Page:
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The Schools Environment Survey of 2010 showed that the learning environment is key to children’s behaviour and happiness - and over 95% of teachers agree.

At Smarter Spaces, we want to help make school environments more attractive, affordable and inspiring for teachers and learners.

To do this, we have gathered all of the evidence from existing research to inform our education design principles.

Areas of Consideration

By providing a calming space for children to retreat to, your school can reduce stress and boost wellbeing.

These areas can be within a classroom or an adjoining room and can provide considerable support for children with special educational needs and disabilities.

‘Research suggests evidence of profound benefits of the experience of nature for children’ (White 2006). To this end, try linking your school environment to the outdoors. That harmony with nature will promote social interaction, more imaginative play and empathy.

Design Principles


Pods or zoned areas give pupils space to work as a team; but they must be designed not to overwhelm the room or disturb those who prefer to work independently. Consider using bold accent colours to demark group zones. Create dedicated quiet zones with clever use of furniture and a distinct, more muted colour palette - think calming purples and greens.

Sensory Rooms

Quiet rooms are one example of a sensory controlled zone, a space to help children feel calm. Children with autism may benefit from further design specifications, such as curved walls and general openness. For example, position the furniture to the side of your sensory room, leaving the middle as free as possible.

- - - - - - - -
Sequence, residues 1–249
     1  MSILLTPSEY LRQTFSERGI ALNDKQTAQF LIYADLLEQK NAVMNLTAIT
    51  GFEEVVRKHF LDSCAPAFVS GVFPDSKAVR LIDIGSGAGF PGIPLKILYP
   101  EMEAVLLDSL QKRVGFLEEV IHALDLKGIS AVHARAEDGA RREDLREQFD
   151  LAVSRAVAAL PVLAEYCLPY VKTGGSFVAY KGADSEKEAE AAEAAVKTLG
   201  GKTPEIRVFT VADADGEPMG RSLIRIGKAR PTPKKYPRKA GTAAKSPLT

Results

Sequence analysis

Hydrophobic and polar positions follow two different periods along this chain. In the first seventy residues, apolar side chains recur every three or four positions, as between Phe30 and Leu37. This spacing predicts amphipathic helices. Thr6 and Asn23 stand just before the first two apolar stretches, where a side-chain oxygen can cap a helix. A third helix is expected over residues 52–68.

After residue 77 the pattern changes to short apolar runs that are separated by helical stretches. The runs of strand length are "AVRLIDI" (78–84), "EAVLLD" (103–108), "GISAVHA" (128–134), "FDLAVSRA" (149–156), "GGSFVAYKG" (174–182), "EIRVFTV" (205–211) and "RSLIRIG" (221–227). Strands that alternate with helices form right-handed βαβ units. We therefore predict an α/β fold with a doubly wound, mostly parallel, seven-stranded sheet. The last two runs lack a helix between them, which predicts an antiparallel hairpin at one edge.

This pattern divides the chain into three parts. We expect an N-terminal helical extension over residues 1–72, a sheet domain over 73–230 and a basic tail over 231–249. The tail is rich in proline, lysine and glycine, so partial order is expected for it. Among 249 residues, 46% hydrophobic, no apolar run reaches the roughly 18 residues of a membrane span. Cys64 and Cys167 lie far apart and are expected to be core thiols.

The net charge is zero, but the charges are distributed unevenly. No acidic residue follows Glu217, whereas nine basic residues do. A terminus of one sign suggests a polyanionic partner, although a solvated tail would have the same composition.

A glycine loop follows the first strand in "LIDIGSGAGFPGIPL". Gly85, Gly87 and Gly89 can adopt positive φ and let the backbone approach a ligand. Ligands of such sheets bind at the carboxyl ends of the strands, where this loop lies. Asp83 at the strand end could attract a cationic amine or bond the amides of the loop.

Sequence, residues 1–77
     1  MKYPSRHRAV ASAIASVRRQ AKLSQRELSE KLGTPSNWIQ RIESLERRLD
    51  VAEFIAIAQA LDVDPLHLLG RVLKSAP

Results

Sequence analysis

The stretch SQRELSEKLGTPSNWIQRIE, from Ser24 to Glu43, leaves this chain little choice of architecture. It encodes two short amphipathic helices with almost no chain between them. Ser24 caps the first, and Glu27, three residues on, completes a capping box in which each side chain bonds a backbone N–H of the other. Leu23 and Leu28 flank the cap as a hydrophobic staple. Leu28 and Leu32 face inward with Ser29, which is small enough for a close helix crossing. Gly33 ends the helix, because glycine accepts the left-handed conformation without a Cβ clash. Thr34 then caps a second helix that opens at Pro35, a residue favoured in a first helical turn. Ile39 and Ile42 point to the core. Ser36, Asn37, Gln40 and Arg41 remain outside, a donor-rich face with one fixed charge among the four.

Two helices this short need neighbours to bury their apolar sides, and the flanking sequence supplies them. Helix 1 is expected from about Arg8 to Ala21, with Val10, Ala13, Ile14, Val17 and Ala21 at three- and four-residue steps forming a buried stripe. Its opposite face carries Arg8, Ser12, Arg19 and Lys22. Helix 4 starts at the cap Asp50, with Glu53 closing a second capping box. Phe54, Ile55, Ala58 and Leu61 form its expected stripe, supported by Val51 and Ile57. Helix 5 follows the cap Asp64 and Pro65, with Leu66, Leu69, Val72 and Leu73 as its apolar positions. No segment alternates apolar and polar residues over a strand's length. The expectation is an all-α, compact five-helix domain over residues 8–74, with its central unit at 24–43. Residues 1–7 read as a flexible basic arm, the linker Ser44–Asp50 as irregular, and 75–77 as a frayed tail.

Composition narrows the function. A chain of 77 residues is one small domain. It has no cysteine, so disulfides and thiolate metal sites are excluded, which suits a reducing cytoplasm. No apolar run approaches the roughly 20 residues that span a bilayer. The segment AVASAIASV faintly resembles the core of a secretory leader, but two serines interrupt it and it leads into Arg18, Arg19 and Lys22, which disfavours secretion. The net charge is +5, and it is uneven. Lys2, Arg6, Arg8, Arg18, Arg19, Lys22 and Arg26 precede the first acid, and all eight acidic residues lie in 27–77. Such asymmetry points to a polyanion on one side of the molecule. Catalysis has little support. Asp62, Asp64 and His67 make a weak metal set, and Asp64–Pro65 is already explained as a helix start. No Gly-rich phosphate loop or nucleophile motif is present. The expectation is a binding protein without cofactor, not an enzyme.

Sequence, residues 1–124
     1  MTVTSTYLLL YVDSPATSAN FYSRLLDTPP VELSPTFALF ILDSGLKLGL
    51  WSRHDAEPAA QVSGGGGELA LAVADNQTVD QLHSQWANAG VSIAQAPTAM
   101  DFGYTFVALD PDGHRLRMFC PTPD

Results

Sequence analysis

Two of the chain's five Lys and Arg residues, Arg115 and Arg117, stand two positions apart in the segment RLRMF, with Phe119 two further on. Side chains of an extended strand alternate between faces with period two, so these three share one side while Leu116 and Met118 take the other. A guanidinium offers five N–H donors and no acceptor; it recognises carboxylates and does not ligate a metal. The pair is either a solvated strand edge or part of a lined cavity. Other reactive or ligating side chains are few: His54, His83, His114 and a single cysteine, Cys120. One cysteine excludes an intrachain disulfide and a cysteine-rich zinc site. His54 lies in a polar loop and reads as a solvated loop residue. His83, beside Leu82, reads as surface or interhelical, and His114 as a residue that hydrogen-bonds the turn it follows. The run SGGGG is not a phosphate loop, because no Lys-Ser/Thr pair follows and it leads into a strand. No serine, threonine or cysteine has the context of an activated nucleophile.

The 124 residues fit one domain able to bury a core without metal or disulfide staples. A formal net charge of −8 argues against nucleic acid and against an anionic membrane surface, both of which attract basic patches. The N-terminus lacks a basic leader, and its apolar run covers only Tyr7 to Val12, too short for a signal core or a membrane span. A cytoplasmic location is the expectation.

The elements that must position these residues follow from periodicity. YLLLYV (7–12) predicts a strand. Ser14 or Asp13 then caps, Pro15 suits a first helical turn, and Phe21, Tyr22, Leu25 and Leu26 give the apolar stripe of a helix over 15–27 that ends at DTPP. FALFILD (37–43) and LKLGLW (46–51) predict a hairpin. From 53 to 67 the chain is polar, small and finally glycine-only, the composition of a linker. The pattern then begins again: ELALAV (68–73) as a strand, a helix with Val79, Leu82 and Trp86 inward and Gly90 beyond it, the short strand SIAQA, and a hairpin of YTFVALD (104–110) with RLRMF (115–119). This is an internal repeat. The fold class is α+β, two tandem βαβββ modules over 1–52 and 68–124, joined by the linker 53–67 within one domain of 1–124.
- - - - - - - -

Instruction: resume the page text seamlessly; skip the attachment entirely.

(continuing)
Link to Nature

Take inspiration from nature for your colour palette and choice of fabrics. Contrast bold natural colours with neutral ones and materials like stone and wood for a sense of bringing the outside in. Accent with textured wall coverings, cladding and plants for a design at one with nature.


Case Study

Southbrook School, Devon

Following an inspection in 2013, Southbrook, a special educational needs (SEN) school was challenged to improve its literacy and reading.

Alan Tilley, Assistant Headteacher, explains that ‘Reading is not always easy if you have learning difficulties and often pupils have a very negative view of reading which wasn’t helped by the school library being outdated.’

Southbrook’s solution was inspired: to convert an old double decker bus into a new library! Enlisting local graffiti artists, the bus was transformed into a library unlike any other.

The school has since created a pupil librarian scheme, which has dramatically improved the school’s reading results at Key Stage 3.

Most importantly the school now has a library full of pupils experiencing the joy of reading.


Getting Started

Useful Questions to Ask Yourself

  • Am I providing enough space specifically for children with SEND?
  • Are there enough references to nature around the school?
  • Does the layout of my classrooms support different styles of learning?
  • Do we have areas in our school where learners can take time out to relax?

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How We Can Help You